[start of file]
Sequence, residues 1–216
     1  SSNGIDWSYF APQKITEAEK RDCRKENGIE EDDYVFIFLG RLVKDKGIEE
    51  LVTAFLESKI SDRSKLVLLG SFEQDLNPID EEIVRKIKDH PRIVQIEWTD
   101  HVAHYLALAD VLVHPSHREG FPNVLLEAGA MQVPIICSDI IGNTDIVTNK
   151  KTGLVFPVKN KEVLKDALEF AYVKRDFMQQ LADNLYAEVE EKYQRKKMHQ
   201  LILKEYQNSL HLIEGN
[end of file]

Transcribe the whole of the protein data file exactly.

Sequence, residues 1–216
     1  SSNGIDWSYF APQKITEAEK RDCRKENGIE EDDYVFIFLG RLVKDKGIEE
    51  LVTAFLESKI SDRSKLVLLG SFEQDLNPID EEIVRKIKDH PRIVQIEWTD
   101  HVAHYLALAD VLVHPSHREG FPNVLLEAGA MQVPIICSDI IGNTDIVTNK
   151  KTGLVFPVKN KEVLKDALEF AYVKRDFMQQ LADNLYAEVE EKYQRKKMHQ
   201  LILKEYQNSL HLIEGN